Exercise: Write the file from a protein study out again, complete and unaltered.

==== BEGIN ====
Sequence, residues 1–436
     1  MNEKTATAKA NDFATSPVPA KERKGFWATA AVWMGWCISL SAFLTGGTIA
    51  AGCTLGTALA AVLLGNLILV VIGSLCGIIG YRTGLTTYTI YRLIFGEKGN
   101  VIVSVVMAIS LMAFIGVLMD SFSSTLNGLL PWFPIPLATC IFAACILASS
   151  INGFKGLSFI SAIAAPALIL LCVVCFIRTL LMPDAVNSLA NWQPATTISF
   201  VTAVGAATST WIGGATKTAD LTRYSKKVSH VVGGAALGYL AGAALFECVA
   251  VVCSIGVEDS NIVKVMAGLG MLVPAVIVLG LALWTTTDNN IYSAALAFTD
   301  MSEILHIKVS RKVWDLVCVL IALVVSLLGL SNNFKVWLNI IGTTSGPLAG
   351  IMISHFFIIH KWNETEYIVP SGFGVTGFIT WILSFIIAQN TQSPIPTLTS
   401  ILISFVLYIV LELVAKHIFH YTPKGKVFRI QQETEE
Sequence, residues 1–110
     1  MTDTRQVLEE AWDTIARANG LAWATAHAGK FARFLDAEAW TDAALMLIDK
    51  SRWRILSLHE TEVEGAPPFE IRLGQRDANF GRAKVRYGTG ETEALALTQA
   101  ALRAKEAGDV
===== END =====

Sequence, residues 1–436
     1  MNEKTATAKA NDFATSPVPA KERKGFWATA AVWMGWCISL SAFLTGGTIA
    51  AGCTLGTALA AVLLGNLILV VIGSLCGIIG YRTGLTTYTI YRLIFGEKGN
   101  VIVSVVMAIS LMAFIGVLMD SFSSTLNGLL PWFPIPLATC IFAACILASS
   151  INGFKGLSFI SAIAAPALIL LCVVCFIRTL LMPDAVNSLA NWQPATTISF
   201  VTAVGAATST WIGGATKTAD LTRYSKKVSH VVGGAALGYL AGAALFECVA
   251  VVCSIGVEDS NIVKVMAGLG MLVPAVIVLG LALWTTTDNN IYSAALAFTD
   301  MSEILHIKVS RKVWDLVCVL IALVVSLLGL SNNFKVWLNI IGTTSGPLAG
   351  IMISHFFIIH KWNETEYIVP SGFGVTGFIT WILSFIIAQN TQSPIPTLTS
   401  ILISFVLYIV LELVAKHIFH YTPKGKVFRI QQETEE
Sequence, residues 1–110
     1  MTDTRQVLEE AWDTIARANG LAWATAHAGK FARFLDAEAW TDAALMLIDK
    51  SRWRILSLHE TEVEGAPPFE IRLGQRDANF GRAKVRYGTG ETEALALTQA
   101  ALRAKEAGDV